I have to get back to work now. This post really has no point at the moment. I (and I'm sure everyone else who pays attention) have noticed that the sectarian violence in Iraq has gotten much much worse in the past month. Sunnis and Shias appear to be killing each other as a matter of course. I don't know if the increased violence can be correlated at all with the death of al-Zarqawi, or if it was destined to increase without such a flash point. Regardless, it doesn't appear that the killing of al-Zarqawi has had any quelling effect on the insurgency, as initially insisted by the Americans. What a friggin' mess.

Oh ya...I hope any readers find the two blogs I linked above informative.

Dilbert on Iraq...


Scott Adams, whose Dilber comic has always been a great sociology study, looks to be getting political for the first time that I can remember. A bit late, but every little bit helps.

Friday, July 07, 2006

Stevie, George, and talk of playing "guns"

It might well be that the meeting between "Steve" and George this week marks the beginning of a real change in Canada-US relations. Depending on your geo-political view, the change might be for the good or bad, but there seems little doubt that there will be greater cooperation between the two countries than there has been in years. That is not to say that the two nations have not cooperated, but things on the surface have been decidedly not smooth since Bush's first electoral "victory" in 2000.

I'm proud to have allies like Steve who understand the stakes of the 21st century

Ally or not, I personally find it problematic that Stephen Harper might actually understand the geo-political situation in the same way that George Bush does. Certainly his policies more closely parallel the US on important international issues than did his Liberal predecessors, but then again there really was no clear foreign policy while the Liberals were in power, so comparisons really are difficult. For now, it remains to be seen whether Harper is auditioning for the "clever side-kick" role that seems to have been relinquished by Tony Blair. Improved dialog between the countries is welcomed, but I am sure that Harper is aware of how tolerant Canadians are of openly kissing American ass.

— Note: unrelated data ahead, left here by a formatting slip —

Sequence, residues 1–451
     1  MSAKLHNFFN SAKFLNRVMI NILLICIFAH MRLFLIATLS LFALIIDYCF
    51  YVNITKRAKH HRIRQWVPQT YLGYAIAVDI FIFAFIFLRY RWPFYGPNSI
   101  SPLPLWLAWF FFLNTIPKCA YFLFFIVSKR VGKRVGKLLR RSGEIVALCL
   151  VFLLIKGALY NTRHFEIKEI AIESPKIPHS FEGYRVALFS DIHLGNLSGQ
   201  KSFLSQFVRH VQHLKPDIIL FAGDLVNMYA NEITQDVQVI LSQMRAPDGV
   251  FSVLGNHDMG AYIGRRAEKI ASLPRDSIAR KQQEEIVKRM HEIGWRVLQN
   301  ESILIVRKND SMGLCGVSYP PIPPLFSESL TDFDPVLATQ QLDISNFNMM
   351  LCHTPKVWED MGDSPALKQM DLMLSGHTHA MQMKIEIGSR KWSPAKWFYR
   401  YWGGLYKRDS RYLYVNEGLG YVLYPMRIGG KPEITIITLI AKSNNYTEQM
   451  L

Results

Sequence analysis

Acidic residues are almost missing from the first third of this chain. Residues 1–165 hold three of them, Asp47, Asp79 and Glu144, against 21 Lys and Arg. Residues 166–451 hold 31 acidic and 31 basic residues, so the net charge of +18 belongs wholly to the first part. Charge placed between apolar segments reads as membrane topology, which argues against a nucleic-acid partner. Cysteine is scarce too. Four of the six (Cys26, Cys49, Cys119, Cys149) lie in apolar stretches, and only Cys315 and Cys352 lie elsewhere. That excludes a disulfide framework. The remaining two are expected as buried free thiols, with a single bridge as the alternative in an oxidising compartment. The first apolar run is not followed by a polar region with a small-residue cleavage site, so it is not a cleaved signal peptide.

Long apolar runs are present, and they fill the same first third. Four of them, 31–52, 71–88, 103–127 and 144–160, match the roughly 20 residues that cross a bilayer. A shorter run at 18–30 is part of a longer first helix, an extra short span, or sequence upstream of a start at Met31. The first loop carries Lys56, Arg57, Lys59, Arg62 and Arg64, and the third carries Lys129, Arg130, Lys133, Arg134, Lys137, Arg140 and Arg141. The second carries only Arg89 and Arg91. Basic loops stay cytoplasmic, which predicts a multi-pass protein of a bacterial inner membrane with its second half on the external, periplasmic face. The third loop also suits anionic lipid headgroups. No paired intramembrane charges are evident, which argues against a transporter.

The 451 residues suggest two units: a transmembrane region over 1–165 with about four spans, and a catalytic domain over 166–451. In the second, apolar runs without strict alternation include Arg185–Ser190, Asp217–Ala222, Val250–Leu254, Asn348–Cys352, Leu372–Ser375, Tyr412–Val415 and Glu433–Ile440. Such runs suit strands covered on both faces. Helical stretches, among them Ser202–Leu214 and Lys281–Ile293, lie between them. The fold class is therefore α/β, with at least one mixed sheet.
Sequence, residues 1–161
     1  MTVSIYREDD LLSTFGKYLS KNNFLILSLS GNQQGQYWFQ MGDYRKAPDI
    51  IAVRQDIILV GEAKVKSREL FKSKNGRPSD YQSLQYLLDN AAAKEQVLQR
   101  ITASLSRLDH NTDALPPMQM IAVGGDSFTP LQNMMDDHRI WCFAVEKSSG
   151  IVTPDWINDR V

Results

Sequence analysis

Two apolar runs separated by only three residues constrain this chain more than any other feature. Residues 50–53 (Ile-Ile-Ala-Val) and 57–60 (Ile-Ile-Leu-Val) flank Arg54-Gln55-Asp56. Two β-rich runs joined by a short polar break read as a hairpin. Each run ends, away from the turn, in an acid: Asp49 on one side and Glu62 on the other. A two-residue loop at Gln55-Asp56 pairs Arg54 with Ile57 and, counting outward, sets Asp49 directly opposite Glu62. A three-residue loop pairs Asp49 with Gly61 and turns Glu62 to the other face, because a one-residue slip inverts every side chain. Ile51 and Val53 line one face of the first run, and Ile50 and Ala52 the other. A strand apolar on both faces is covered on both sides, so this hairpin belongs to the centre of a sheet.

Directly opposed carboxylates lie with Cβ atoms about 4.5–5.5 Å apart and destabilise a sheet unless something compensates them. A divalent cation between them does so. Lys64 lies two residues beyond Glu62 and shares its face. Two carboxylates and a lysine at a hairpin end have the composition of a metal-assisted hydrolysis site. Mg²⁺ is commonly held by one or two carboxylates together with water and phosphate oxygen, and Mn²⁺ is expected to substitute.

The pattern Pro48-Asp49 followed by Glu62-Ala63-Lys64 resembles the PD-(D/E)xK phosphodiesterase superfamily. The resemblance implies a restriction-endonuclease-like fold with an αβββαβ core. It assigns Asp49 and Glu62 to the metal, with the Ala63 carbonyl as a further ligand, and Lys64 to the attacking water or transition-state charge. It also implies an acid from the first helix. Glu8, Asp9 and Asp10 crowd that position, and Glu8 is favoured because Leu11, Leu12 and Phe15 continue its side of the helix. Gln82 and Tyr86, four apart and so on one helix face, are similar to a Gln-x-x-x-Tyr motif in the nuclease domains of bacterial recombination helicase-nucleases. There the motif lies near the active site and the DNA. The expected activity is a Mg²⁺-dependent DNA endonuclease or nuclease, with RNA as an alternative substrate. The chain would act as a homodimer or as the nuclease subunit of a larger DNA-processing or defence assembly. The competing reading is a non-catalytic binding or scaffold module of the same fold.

The lucky timing of the meeting on the heels of Kim Jong-Il's missile tests let Bush sneak in a jab about the need for a ballistic missile shield ("We're trying to make sure, by the way, that the missile that he fired wasn't headed for Canada" - a thought that kept me up late at night all week), which Harper dodged, while leaving opening the option for future Canadian participation ("Canada is not prepared to open a missile-defence issue at this time". Note the signature wink to his right-wing, big-military special friends).

Canadian participation means two things to the Americans - international acceptance and money. Since Harper aknowledged the importance of the missile shield and we've just decided to donate $15 large to the American defense industry in recently-announced defense expenditures, Bush basically has what he wants for the time being. Further Canadian involvement in missile defense can quietly be arranged through NORAD, as the Liberals likely planned to do it, or through further defense integration in the Fortress North America plan that the US has promoted.

Where exactly this goes is anyone's guess - it depends on whether Harper does understand the stakes of the 21st century in the same way George Bush does. Harper has proven to be a good political tactitian so far, so I expect that he will avoid too many gestures to the Americans before he has secured his majority government (amid the wreckage of the Liberal party, a sad near-certainty in my view). However, at that point I expect to see a distinctive shift toward a US approach to government; small-government when it comes to social programs and taxes and big-government on issues like defense and policing.

Happy, happy, joy, joy.

Thursday, July 06, 2006

WTF? or I wanted to touch him like a kitten...

I really don't know what to say about this except maybe ol' Vladimir might be showing up for work, um, still in his cups, as they say.

Still more Sunday shopping